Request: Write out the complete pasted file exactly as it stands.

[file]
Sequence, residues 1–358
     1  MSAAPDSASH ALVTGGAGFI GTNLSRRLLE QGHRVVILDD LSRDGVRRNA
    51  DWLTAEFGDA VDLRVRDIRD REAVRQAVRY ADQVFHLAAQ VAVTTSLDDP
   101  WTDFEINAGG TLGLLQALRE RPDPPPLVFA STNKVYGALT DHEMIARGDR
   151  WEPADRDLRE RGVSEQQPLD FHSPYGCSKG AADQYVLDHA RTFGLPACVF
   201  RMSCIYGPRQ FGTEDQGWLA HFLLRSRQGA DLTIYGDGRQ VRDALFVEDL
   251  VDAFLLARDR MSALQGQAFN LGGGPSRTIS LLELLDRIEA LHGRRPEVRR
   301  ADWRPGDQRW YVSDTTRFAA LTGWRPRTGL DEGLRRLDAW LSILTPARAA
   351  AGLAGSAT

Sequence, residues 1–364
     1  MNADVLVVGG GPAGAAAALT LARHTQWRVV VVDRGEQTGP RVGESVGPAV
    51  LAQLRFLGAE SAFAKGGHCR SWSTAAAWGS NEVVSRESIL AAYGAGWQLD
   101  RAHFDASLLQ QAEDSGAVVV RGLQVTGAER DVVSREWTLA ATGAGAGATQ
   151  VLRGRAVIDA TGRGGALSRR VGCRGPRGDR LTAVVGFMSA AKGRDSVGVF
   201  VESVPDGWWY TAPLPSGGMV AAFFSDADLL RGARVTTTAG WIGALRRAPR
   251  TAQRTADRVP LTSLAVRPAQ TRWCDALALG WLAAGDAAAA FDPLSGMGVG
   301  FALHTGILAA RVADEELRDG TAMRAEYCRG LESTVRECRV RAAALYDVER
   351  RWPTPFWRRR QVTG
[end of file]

Sequence, residues 1–358
     1  MSAAPDSASH ALVTGGAGFI GTNLSRRLLE QGHRVVILDD LSRDGVRRNA
    51  DWLTAEFGDA VDLRVRDIRD REAVRQAVRY ADQVFHLAAQ VAVTTSLDDP
   101  WTDFEINAGG TLGLLQALRE RPDPPPLVFA STNKVYGALT DHEMIARGDR
   151  WEPADRDLRE RGVSEQQPLD FHSPYGCSKG AADQYVLDHA RTFGLPACVF
   201  RMSCIYGPRQ FGTEDQGWLA HFLLRSRQGA DLTIYGDGRQ VRDALFVEDL
   251  VDAFLLARDR MSALQGQAFN LGGGPSRTIS LLELLDRIEA LHGRRPEVRR
   301  ADWRPGDQRW YVSDTTRFAA LTGWRPRTGL DEGLRRLDAW LSILTPARAA
   351  AGLAGSAT

Sequence, residues 1–364
     1  MNADVLVVGG GPAGAAAALT LARHTQWRVV VVDRGEQTGP RVGESVGPAV
    51  LAQLRFLGAE SAFAKGGHCR SWSTAAAWGS NEVVSRESIL AAYGAGWQLD
   101  RAHFDASLLQ QAEDSGAVVV RGLQVTGAER DVVSREWTLA ATGAGAGATQ
   151  VLRGRAVIDA TGRGGALSRR VGCRGPRGDR LTAVVGFMSA AKGRDSVGVF
   201  VESVPDGWWY TAPLPSGGMV AAFFSDADLL RGARVTTTAG WIGALRRAPR
   251  TAQRTADRVP LTSLAVRPAQ TRWCDALALG WLAAGDAAAA FDPLSGMGVG
   301  FALHTGILAA RVADEELRDG TAMRAEYCRG LESTVRECRV RAAALYDVER
   351  RWPTPFWRRR QVTG